with an elective lower house, and an upper house
composed of barons and bishops.

In the same proportion, however, as all the other
estates hoped to gain, the king and the queen con-
ceived that they themselves should lose. The
former, in displeasure, resigned the government to
his son on the 16th of January, 1812, and the
queen fell out so seriously with the English, that
she quitted Sicily, and proceeded, by way of Con-
stantinople, to Vienna. This evident dissatisfaction,
this complete retirement of the king and queen, was
extremely injurious to the infant, unconsolidated
constitution. Misunderstandings and intrigues daily
sprang up ; among the appai-ently harmonious dis-
cord arose, and the great difficulty of habituating
themselves to an entirely new system of social rela-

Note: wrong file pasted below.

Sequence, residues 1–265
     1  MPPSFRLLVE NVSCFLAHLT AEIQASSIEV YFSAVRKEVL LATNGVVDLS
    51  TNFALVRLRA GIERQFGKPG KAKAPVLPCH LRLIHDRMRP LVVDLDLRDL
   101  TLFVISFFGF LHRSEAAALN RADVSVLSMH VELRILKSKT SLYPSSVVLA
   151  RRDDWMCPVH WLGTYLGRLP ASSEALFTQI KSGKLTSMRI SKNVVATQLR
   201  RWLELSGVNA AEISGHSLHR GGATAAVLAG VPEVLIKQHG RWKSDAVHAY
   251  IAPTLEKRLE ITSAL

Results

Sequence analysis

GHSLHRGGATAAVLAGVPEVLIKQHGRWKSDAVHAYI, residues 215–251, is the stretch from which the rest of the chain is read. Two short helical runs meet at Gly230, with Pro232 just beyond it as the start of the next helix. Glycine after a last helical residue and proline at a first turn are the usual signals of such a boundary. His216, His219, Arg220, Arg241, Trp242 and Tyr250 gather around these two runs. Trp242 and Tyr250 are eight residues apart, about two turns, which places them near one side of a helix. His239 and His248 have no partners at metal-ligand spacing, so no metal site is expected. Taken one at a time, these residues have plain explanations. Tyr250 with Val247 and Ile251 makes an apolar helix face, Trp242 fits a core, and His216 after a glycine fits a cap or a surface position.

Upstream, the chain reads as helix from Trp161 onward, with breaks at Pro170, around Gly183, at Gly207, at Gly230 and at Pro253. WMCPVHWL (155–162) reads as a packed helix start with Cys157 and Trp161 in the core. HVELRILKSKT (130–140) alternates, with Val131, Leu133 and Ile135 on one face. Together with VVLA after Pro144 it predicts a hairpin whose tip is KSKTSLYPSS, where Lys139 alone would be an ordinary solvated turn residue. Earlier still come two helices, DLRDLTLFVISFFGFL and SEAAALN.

tions was not less felt by the Sicilians than by



Other nations. The nobility conceived that, in the
third estate, or in the second chamber, a far more
formidable enemy than the king was growing up
against them ; and, while some of the leaders of the
upper house loudly recommended judicious com-
pliance, others saw in the unconditional rejection of
every proposal the only means of salvation. Many
liberals were not less discordant, hot-headed, and
inexperienced : and thus an arena for passions of
every kind was opened to pamphleteers and news-

Scarcely a single resolution of the lower house
(for instance on feoffments of trust, taxes on feudal
property, agriculture, corn trade, the government
of towns, &c.) received the confirmation of the upper
house. As then the general improvements and ad-